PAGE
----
Micro-Habitats: Bunkers, Sheds & Space Capsules

“Just as fish die if they stay too long out of water, so the monks who loiter outside their cells or pass their time with men of the world lose the intensity of inner peace. So like a fish going towards the sea, we must hurry to reach our cell, for fear that if we delay outside we will lose our interior watchfulness.” St Anthony the Great, c. 300AD

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Here are my slides for my presentation at today’s Occursus/University of Sheffield symposium on ‘Micro-Habitats’. As my title will already have revealed, I used the opportunity to talk again about bunkers. This time my focus was on bunkers as micro-worlds. Through a clip from Lost I highlight the two faces of ‘the bunker’ in popular culture – the space-age bachelor pad and the abject, dank crisis space of last resort. I also took the ‘bunker as womb’, ‘bunker as shed’ and ‘bunker as man-machine’ riffs for a walk again. So far, so good (or at least, so far so familiar), then I ventured – via the Unabomber’s shed – into Outer Space aided by key scenes from the 1971 motion picture Silent Running, and in doing so invoked Paul Virilio’s conceptualisation of the spaceship as the bunker transposed into orbit. I then focussed in on the space-bunker’s hermetic nature – both in its sense of sealed off from the outside world, and as an essence of monastic retreat. I concluded with images of Lowell (Silent Running’s eco-hero) as lone bio-pod space shepherd to the remaining fragments of Earth’s vegetation, of Saint Anthony withdrawn from the world into the Egyptian desert and dwelling within its abandoned Roman forts, praying for his and the world’s salvation and of Desmond (Lost’s bunker dweller) now revealed as less the carefree bachelor enjoying his well equipped pad, more like a modern day Sisyphus typing code numbers regularly into his keyboard – as he believes he must – to prevent the detonation of some unspeakable device to which he is in thrall. So – bunker as hermitage…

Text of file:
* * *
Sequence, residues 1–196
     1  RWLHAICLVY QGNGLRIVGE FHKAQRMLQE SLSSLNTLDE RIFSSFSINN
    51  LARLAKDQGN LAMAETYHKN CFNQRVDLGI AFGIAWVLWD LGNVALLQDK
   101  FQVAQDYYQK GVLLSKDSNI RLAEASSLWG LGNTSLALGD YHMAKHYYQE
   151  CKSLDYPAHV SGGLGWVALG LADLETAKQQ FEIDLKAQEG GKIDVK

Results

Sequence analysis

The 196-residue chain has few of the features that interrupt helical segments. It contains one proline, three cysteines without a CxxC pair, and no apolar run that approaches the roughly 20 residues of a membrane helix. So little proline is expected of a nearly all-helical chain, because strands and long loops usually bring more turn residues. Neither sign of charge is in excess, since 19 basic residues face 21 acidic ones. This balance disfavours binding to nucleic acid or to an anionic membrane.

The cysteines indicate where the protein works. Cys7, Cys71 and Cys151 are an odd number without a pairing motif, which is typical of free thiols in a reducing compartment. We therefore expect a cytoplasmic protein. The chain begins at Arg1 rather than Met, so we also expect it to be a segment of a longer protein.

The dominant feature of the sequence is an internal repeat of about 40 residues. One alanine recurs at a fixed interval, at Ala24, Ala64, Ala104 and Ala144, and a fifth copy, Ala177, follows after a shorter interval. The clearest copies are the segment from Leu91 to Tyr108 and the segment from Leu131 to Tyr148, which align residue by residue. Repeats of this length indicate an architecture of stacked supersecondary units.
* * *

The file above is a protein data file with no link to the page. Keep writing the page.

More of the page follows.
temptation-of-saint-anthony-538

 Oh, and the ‘men and bunkers’ riff was challenged by the audience – and a great discussion had around whether women and men equally attach to machines, objects, intimate spaces. Yes, they probably do. But we all agreed that conditioning plays a role too. Kitchen vs Shed does seem to have a gendering, and both can be domestic.

star-wars-by-salvador-dal-30231-1262969804-8

Finally, the slides don’t have citations – but these can be found in the two papers that this talk drew from:

  • Bennett, L. (2013). Who goes there? Accounting for gender in the urge to explore abandoned military bunkers. Gender, Place and Culture. 20 (3), 630-646 
  • Bennett, L. (2011). The Bunker: metaphor, materiality & management. Culture and Organization, 17 (2), 155-173.

Pictures: two views of The Temptation of St Anthony

1) Heironymus Bosch,  (detail), c.1500: http://www.ibiblio.org/wm/paint/auth/bosch/tempt-ant/

2) Anon, Star Wars mash-up of Salvador Dali’s 1946 painting: http://mentalfloss.com/article/52970/11-great-salvador-dali-art-mash-ups